Raising questions onstage

The stage was set and simple for the final MainStage performance of David Mamet’s “Oleanna” Sunday in the Dorothy Betts Marvin Theatre. As director of the two-person play and theater department professor Alan Wade stood to thank his last audience and requested one thing – for the performance to provoke them.

“Oleanna,” which opened Thursday, is not light subject matter. The play, which premiered almost two decades ago, concerns itself with the sordid relationship between John, a university professor, and one of his female students, Carol.

In the Sunday performance, sophomore Arielle Katcher played Carol, a clumsy student on the verge of failing. Junior Max Shelton played John, a pompous professor who confuses Carol by feeding her lofty concepts and opinions on academia instead of actually tutoring her.

John and Carol’s connection is unclear but suggests a physical or perverse relationship, however, “Oleanna” doesn’t provide clear answers to the questions it raises.

As the play reaches its climax, John is left jobless and is faced with sexual harassment charges, while Carol appears empowered if a bit naive.

John’s final attack on Carol, however, illustrates the power of words to confuse, mislead and ultimately control an individual to the point of losing himself.

Wade’s choice of play was intriguing and thought-provoking. As director, he was aware of the challenge “Oleanna” brought its actors and the audience.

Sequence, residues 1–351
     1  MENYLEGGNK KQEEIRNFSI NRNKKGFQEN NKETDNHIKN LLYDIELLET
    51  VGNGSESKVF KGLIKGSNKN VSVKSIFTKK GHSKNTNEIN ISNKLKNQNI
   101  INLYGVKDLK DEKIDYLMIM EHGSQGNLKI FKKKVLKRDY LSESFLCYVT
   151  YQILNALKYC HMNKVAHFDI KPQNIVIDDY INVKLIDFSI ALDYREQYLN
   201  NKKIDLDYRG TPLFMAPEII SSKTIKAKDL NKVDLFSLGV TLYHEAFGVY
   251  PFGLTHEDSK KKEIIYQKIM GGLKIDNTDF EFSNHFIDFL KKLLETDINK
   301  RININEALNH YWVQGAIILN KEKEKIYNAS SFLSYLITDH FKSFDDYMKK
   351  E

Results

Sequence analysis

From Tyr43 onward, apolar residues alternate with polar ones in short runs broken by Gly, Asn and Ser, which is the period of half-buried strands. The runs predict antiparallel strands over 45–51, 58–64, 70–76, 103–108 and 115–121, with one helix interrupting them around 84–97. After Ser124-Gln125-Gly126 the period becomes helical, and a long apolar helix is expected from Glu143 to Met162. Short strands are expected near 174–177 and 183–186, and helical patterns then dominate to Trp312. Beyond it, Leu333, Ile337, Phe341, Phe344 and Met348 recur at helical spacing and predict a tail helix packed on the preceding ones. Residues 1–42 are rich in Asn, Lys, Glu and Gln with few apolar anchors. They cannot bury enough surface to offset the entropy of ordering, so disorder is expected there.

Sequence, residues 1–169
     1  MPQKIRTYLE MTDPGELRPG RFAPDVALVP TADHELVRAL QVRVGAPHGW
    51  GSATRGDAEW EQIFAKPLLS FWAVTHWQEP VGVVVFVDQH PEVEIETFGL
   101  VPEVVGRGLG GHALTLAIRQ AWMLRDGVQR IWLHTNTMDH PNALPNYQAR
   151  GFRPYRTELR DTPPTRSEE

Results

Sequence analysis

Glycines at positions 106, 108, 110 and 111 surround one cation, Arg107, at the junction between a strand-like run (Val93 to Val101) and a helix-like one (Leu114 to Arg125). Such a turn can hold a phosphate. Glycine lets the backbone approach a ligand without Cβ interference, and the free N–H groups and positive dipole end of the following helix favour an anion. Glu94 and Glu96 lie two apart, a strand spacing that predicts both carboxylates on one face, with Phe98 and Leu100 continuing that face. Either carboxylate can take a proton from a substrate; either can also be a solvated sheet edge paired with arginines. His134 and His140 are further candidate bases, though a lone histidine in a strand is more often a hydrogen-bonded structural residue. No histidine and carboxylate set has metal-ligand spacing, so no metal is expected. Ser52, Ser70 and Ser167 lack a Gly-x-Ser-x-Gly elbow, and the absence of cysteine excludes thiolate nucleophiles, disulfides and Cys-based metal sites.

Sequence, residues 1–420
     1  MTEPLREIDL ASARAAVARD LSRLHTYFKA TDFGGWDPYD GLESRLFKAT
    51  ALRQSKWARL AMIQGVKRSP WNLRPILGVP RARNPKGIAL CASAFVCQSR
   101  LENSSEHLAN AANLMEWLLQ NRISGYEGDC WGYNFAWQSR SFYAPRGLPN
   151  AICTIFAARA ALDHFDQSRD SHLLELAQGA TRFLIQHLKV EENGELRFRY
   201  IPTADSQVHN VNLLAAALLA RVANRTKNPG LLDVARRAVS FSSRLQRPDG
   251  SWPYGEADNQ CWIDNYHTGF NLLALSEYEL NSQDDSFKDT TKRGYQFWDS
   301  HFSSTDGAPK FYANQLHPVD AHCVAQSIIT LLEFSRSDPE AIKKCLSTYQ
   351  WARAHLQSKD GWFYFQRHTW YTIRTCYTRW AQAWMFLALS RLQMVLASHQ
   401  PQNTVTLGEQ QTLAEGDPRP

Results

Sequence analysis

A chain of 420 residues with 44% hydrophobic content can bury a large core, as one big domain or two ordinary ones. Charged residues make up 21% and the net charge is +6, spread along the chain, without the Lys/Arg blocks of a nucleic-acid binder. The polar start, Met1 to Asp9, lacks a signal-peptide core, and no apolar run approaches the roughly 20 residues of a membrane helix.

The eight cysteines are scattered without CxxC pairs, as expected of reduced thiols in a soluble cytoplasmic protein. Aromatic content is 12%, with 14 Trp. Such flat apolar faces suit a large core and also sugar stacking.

One of the most interesting aspects of the production was Wade’s decision to present an alternating cast – he cast two Carols and two Johns. The characters were broken into the alpha and omega casts, allowing alpha Carol and John to rehearse with one another and the same for the omega cast.

“The acting experiment followed my decision to provide more roles for our students than a two-character play would normally permit,” explained Wade. “That was the original reason for choosing ‘Oleanna.'”

The actors performed with their rehearsed partners for the first two nights, but alternated on the last two. The experiment provided two exciting performances, while keeping each night noticeably different from the night before. Wade said the actors were well-rehearsed and, while the lines didn’t change, the blocking, or movement, did.

“I think what happened was that there was that sense of the actor being ‘in the moment,’ which is always what the actor wants since plays ‘live’ in the virtual present just as we live our lives,” said Wade.

Katcher, a Presidential Scholar in the Arts, was entirely unaware of Wade’s decision to present an alternating cast until after she had been cast in the production. The situation appeared daunting and “scary” initially to Katcher, but she was ultimately grateful for the exciting learning opportunity.

Stimulating both its actors and its audience, Wade’s “Oleanna” raised many questions about power and language, as well as the perception of reality. According to Wade, the university setting lent even more depth to the production.

“Add to that the fact that this was parents weekend,” said Wade. “And the play resonates even more.”

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